Xiaomi Says Articles About its Data Collection Policy are Inaccurate
The articles were based on findings of cybersecurity researcher Gabi Cirlig, who claims discovered that his Redmi Note 8 smartphone was watching much of what he was doing on the phone. That data was then being sent to remote servers hosted by another Chinese tech giant, Alibaba, which were rented by Xiaomi, according to Cirlig. The device's default Xiaomi browser recorded all the websites he visited, including search engine queries whether with Google or the privacy-focused DuckDuckGo, and every item viewed on a news feed feature of the Xiaomi software. That tracking appeared to be happening even if he used the supposedly private “incognito” mode. The device was also recording what folders he opened and to which screens he swiped, including the status bar and the settings page. All of the data was being packaged up and sent to remote servers in Singapore and Russia, though the Web domains they hosted were registered in Beijing, according to Cirlig.
Cirlig thinks that the problems affect many more models than the one he tested, including the Xiaomi MI 10, Xiaomi Redmi K20 and Xiaomi Mi MIX 3 devices.
Here is what Xiaomi said:
“Xiaomi was disappointed to read the recent article from Forbes. We feel they have misunderstood what we communicated regarding our data privacy principles and policy. Our user’s privacy and internet security is of top priority at Xiaomi; we are confident that we strictly follow and are fully compliant with local laws and regulations. We have reached out to Forbes to offer clarity on this unfortunate misinterpretation.
The collection of aggregated usage statistics data is used for internal analysis, and we do not link any personally identifiable information to any of this data. Furthermore, this is a common solution adopted by internet companies around the world to improve the overall user experience of various products, while safeguarding user privacy and data security.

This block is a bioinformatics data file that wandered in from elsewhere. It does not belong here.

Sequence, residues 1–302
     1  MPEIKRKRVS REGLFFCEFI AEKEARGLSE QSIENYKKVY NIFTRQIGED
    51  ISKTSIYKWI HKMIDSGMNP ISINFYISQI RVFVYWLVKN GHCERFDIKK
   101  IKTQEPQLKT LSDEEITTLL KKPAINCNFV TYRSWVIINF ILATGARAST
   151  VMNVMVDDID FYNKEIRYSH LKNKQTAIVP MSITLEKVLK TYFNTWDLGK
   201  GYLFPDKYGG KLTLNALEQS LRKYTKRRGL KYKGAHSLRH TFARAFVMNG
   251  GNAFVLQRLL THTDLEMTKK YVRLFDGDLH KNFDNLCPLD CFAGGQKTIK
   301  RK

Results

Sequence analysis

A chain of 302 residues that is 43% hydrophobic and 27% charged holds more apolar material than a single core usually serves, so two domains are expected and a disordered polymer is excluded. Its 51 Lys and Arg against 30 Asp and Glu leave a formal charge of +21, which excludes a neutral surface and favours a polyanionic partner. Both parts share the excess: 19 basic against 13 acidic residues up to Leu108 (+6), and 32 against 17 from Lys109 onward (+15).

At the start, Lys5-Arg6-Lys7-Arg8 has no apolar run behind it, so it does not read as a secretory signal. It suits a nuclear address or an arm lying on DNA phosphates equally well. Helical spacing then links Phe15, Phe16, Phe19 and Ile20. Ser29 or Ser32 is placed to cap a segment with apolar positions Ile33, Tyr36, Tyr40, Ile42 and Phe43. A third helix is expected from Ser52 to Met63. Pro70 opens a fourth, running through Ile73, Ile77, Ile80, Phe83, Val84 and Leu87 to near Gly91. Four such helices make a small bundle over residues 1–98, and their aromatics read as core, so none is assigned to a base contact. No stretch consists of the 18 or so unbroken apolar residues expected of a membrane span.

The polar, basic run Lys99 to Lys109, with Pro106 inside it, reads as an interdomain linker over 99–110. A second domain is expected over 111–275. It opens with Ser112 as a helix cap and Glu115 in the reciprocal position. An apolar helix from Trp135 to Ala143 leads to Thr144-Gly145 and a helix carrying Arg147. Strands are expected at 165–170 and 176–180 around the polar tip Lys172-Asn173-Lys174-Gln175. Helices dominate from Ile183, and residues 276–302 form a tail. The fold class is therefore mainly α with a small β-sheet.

Xiaomi hosts information on a public cloud infrastructure that is common and well known in the industry. All information from our overseas services and users is stored on servers in various overseas markets where local user privacy protection laws and regulations are strictly followed and with which we fully comply."
The Chinese company said that data collection of aggregated usage statistics data (such as system information, preferences, user interface feature usage, responsiveness, performance, memory usage, and crash reports) cannot alone be used to identify any individual. For example, Xiaomi says that a URL is collected to identify web pages which load slowly, giving the company insight into how to best improve overall browsing performance.
In addition, Xiaomi says that an individual’s user browsing data (history) is synced when the user is signed in on Mi Account, in case the data sync function is set to “On” under Settings.
Xiaomi says that under its browser's incognito mode, user browsing data is not synced, however, aggregate usage statistics data is still collected. The latter data create randomly generated unique tokens to append to aggregate usage statistics, and thus, these tokens do not correspond to any individuals. In addition, Xiaomi says that the usage statistic data is transferred with HTTPS protocol of TLS 1.2 encryption.